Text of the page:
Payne Hicks Beach

Payne Hicks Beach

08 April 2020

Coronavirus and Child Arrangements

“Where coronavirus restrictions cause the letter of a court order to be varied, the spirit of the order should nevertheless be delivered by making safe alternative arrangements for the child” 

The Rt. Hon. Sir Andrew McFarlane
President of the Family Division and Head of Family Justice

 

Over the last fortnight there has been a wealth of information disseminated from the courts regarding the arrangements for the children of separated parents in the Covid-19 landscape.

Here is our essential guide for parents:

  1. If you are already living in separate households then visits between the child and the non-resident parent should continue, if it is safe to do so.  Special arrangements may have to be considered if a parent or child is in the vulnerable category or displays any symptoms of coronavirus.

  2. Facilitating contact visits is not breaking the “Stay at Home” rules.

  3. Parental responsibility rests with a child’s parents and not with the Court.  It is for parents to come up with sensible arrangements for their own children and the Court will only intervene if absolutely necessary.

  4. The expectation is that parents will take sensible and safe decisions when deciding where and with whom a child should spend time.  If one parent or a child is vulnerable or develops symptoms and needs to self-isolate, then this is particularly important.

  5. Consider how contact arrangements could be varied to keep everyone safe.  Could the child travel between the parents by car rather than public transport?  Could you revise contact arrangements to limit the frequency of handovers but increase the duration? Do you have an agreement about the child washing their hands and following government guidance?  Could you consider getting the child an inexpensive pay as you go phone to facilitate communication with the non-resident parent?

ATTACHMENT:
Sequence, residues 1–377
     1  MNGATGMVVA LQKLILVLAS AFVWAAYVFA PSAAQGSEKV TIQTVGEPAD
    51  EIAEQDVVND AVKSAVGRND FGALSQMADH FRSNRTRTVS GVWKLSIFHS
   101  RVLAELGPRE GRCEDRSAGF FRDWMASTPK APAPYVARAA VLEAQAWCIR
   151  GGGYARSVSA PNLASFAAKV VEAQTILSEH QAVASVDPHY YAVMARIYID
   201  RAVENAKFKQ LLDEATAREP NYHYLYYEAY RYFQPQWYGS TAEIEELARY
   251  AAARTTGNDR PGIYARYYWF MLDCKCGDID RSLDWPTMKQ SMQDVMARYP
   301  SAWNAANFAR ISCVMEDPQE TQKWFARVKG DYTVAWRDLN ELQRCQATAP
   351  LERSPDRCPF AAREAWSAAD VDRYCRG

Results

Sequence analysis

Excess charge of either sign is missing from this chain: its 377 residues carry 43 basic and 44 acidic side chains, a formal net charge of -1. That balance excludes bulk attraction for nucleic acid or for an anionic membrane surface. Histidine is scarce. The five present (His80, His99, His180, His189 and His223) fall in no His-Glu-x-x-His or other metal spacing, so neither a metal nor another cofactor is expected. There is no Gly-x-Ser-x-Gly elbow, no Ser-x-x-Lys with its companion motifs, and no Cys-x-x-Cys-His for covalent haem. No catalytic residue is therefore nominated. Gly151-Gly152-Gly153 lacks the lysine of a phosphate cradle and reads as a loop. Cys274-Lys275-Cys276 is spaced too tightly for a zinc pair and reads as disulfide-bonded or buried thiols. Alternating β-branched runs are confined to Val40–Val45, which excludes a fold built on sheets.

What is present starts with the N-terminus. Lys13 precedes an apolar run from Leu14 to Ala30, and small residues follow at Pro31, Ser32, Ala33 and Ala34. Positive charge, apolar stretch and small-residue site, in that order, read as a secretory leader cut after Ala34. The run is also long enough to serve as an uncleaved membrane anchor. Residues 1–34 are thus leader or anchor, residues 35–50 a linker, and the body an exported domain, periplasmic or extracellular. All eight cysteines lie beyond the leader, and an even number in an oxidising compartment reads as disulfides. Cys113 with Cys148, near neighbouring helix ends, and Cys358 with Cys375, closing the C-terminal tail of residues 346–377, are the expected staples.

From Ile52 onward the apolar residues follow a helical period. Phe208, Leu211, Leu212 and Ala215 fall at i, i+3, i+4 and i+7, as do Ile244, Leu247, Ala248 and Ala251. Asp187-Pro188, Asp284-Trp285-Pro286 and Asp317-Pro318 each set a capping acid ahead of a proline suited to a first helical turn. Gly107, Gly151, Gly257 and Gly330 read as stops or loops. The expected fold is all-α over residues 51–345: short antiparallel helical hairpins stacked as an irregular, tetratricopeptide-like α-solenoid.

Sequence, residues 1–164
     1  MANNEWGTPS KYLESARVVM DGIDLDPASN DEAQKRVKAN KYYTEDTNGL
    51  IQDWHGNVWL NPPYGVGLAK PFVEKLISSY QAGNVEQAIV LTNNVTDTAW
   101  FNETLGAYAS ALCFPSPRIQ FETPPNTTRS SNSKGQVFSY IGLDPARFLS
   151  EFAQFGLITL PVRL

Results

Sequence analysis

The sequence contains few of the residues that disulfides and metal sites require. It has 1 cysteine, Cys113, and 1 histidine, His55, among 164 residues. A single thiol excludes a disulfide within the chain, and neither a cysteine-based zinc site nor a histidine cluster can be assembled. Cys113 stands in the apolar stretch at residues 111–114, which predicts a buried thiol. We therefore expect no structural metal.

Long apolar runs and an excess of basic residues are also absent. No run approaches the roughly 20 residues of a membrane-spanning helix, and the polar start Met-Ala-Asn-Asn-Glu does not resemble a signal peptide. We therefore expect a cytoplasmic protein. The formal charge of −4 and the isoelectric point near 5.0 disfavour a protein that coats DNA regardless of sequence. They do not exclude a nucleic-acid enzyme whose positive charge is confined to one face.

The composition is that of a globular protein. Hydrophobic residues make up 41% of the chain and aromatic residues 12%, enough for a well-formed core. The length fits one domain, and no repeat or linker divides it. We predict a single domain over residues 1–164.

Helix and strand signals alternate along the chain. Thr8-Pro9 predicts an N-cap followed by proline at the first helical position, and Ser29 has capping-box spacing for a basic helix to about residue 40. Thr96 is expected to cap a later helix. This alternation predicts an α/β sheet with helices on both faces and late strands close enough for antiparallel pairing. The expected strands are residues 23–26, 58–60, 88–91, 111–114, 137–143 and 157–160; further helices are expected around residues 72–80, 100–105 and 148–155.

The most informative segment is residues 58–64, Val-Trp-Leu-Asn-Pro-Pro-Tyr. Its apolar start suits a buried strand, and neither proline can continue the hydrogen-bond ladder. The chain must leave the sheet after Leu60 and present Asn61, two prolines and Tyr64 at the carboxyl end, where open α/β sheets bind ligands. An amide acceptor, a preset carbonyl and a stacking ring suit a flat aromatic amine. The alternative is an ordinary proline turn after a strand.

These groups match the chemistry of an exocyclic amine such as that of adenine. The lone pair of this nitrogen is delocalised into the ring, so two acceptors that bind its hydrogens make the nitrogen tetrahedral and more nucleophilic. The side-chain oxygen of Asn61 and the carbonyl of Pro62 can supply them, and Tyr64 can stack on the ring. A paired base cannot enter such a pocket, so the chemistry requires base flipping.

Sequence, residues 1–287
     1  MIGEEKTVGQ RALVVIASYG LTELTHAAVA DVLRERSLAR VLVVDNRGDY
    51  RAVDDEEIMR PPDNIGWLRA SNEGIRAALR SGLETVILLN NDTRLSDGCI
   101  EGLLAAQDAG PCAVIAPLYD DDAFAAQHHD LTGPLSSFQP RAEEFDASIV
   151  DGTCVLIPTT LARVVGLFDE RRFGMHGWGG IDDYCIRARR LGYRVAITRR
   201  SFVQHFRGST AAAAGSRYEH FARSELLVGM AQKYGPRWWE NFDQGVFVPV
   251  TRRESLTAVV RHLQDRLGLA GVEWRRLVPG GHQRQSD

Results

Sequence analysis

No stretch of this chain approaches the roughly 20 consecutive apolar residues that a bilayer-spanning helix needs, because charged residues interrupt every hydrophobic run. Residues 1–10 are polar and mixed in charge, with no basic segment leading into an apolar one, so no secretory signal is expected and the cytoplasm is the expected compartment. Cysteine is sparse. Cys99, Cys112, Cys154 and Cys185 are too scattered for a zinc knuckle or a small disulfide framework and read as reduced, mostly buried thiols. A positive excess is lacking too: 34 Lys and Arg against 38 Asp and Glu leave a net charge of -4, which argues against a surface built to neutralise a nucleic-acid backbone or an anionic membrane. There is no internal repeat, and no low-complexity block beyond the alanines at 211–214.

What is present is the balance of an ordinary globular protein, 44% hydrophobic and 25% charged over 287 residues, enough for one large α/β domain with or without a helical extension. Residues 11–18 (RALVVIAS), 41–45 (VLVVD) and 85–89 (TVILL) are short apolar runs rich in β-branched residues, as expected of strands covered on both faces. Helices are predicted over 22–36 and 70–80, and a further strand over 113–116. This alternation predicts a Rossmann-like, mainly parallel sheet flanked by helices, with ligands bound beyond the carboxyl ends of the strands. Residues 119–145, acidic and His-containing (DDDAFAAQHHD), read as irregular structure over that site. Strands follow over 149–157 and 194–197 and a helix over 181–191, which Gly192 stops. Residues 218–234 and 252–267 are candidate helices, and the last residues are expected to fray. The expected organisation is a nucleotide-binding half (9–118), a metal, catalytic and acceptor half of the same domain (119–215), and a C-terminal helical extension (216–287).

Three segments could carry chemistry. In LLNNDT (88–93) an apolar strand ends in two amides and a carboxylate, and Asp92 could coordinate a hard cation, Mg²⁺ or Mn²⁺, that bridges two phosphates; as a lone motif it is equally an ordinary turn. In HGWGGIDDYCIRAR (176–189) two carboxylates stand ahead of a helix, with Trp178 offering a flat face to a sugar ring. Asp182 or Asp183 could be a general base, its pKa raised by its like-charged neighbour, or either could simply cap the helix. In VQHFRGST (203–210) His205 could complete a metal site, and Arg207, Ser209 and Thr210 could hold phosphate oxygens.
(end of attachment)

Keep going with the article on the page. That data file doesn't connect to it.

6. Parents are free to temporarily vary by agreement any arrangements currently set out in a Child Arrangements Order and are advised to record those alterations in a note, email or text to the other parent.  It is advisable to set a date when these amended arrangements will be reviewed.

  7. In the event of a disagreement, the parents are advised to try and resolve matters through communication with each other directly, through solicitors or using Alternative Dispute Resolution. Courts are currently open but running a vastly reduced service, predominantly by video link, and only hearing urgent applications.

  8. Where, as a result of coronavirus, a child does not get to spend time with the non-resident parent, arrangements should be made for indirect contact by way of Skype, FaceTime, WhatsApp or other communication methods.  In the same way, if the child develops symptoms whilst spending time with the non-resident parent then it may be necessary for the child to remain there during the quarantine period and indirect contact with the other parent should be facilitated.

  9. Parents should consider whether any missed contact can be made up at another time.

  10. The Court is likely to look at whether each parent acted reasonably and sensibly in light of the official advice.

 

Article by Emily Foy, Senior Associate in the Family Department. For further information, please contact Emily Foy by email or your usual contact in the Family Department or, alternatively, telephone on 020 7465 4300.

 

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This publication is not intended to provide a comprehensive statement of the law and does not constitute legal advice and should not be considered as such. It is intended to highlight some issues current at the date of its preparation. Specific advice should always be taken in order to take account of individual circumstances and no person reading this article is regarded as a client of this firm in respect of any of its contents.

The firm is authorised and regulated by the Solicitors Regulation Authority: SRA Number 00059098

© 2020 Payne Hicks Beach

 

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